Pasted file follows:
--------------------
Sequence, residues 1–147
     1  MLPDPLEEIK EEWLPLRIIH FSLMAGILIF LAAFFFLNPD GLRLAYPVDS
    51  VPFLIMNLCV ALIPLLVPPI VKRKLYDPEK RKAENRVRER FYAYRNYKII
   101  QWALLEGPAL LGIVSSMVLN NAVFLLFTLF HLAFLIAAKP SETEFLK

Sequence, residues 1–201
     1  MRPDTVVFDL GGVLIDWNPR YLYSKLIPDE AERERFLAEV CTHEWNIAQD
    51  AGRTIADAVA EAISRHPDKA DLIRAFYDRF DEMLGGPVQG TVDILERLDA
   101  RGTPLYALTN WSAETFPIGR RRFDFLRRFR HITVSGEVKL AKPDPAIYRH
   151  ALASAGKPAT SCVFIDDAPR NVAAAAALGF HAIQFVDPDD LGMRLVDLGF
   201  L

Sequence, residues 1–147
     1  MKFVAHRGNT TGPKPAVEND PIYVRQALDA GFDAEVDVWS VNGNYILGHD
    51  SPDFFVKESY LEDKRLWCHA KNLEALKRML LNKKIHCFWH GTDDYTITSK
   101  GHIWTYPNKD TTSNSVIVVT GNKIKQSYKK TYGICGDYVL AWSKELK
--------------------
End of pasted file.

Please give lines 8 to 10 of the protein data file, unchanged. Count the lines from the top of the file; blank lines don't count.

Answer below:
   101  RGTPLYALTN WSAETFPIGR RRFDFLRRFR HITVSGEVKL AKPDPAIYRH
   151  ALASAGKPAT SCVFIDDAPR NVAAAAALGF HAIQFVDPDD LGMRLVDLGF
   201  L